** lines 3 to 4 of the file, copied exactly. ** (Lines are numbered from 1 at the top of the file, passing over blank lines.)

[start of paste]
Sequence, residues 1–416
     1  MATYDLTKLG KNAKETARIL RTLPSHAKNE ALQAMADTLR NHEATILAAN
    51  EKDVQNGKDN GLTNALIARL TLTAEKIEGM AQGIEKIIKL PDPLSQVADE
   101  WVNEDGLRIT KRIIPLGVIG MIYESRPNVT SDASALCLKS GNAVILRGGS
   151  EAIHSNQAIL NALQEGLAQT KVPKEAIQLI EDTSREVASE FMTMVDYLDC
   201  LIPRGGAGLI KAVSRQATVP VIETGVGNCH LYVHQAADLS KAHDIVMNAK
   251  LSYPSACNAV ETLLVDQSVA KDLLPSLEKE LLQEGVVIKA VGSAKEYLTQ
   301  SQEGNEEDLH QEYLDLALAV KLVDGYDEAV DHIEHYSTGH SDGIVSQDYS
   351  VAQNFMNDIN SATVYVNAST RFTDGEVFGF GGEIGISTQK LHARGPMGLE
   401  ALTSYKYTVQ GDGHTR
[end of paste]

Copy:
    51  EKDVQNGKDN GLTNALIARL TLTAEKIEGM AQGIEKIIKL PDPLSQVADE
   101  WVNEDGLRIT KRIIPLGVIG MIYESRPNVT SDASALCLKS GNAVILRGGS